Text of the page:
To the extent that the board of directors believes that homework can be of value to the educational experience, the board further adheres to the following tenets as described in Rethinking Homework by Cathy Vatterott.
- Quality instruction is paramount.
- Skills require practice.
- Time on task makes a difference.
- The task is as important as the time.
- Learning varies among learners.
- Children differ in readiness and developmental level.
- Children have different learning styles.
- Children differ in motivation, persistence and organizational skills.
- Frustration is detrimental to the motivation for learning.
- Homework not completed does not help learning.
When planning and assigning homework the teacher will consider the following:
- Design quality homework tasks, not quantity.
- Differentiate homework tasks based on items 5-8 above.
- Use homework for monitoring student progress not grading.
- Identify parent homework resources.
Homework should only be assigned to enhance one of the following purposes:
Pre-learning: the homework assignment is an introduction to a new concept, topic, lesson or unit.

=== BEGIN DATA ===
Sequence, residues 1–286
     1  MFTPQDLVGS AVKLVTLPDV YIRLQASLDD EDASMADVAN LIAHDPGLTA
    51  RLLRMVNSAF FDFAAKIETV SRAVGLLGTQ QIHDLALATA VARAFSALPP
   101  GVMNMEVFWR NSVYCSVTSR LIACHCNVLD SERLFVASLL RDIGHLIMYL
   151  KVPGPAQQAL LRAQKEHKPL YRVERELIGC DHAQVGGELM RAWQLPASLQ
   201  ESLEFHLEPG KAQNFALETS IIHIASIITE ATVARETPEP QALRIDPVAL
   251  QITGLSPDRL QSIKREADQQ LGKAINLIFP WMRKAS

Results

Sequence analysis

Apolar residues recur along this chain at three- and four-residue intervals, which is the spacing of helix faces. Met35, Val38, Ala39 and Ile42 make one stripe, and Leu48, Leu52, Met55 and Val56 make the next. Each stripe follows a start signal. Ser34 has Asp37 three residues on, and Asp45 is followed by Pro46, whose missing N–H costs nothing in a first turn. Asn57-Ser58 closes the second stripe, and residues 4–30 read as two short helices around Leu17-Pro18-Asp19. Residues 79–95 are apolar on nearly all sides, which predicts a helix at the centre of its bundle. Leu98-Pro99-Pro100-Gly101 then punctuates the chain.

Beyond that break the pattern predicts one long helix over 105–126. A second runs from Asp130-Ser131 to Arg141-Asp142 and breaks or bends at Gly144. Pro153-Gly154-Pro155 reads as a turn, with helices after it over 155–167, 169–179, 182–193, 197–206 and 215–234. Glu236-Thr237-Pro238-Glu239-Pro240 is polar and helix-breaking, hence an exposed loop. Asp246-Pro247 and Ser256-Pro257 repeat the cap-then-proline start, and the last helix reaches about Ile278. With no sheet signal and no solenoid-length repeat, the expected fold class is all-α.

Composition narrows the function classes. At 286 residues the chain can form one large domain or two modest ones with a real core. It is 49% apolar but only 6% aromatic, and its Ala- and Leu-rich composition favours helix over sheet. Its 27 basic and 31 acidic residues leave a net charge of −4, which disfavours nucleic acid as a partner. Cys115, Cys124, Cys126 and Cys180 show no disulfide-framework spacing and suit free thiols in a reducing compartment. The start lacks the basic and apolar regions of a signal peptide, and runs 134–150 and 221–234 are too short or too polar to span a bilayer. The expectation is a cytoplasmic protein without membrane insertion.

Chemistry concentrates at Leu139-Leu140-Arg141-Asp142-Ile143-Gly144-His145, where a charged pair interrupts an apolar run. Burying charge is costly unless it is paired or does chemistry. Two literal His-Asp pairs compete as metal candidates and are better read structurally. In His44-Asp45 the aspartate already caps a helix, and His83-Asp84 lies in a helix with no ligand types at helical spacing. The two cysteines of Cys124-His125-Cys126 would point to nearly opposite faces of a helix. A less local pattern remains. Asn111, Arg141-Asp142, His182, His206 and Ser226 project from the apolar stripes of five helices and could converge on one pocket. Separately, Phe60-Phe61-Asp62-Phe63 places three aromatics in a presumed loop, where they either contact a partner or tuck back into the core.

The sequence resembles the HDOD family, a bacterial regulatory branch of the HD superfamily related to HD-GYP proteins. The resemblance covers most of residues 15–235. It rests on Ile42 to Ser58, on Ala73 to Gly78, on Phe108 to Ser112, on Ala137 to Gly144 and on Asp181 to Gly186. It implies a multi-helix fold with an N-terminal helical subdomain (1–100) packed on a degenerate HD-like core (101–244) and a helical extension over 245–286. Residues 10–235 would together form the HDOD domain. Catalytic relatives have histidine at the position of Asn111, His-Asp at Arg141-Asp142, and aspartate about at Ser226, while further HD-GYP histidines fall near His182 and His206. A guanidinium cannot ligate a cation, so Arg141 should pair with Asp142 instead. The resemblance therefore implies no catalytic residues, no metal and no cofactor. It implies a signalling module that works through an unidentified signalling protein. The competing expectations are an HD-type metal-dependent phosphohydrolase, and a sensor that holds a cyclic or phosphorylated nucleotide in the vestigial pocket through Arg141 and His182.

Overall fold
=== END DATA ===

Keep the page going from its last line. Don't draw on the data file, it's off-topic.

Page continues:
- Comprehension Check: the homework assignment is a small number of sample problems that the teacher will review to ensure the student understands the learning target.
- Practice: when assigning homework as practice, quality is more important than quantity and it is the teacher’s responsibility to ensure that it is practice not new learning.
- Enrichment: the goal of enrichment is for the learner to reflect on his/her experiences or concepts that have previously been taught.
All homework assigned must be relevant, at the appropriate level of difficulty and promote a positive attitude towards learning.
Adopted: February 22, 2010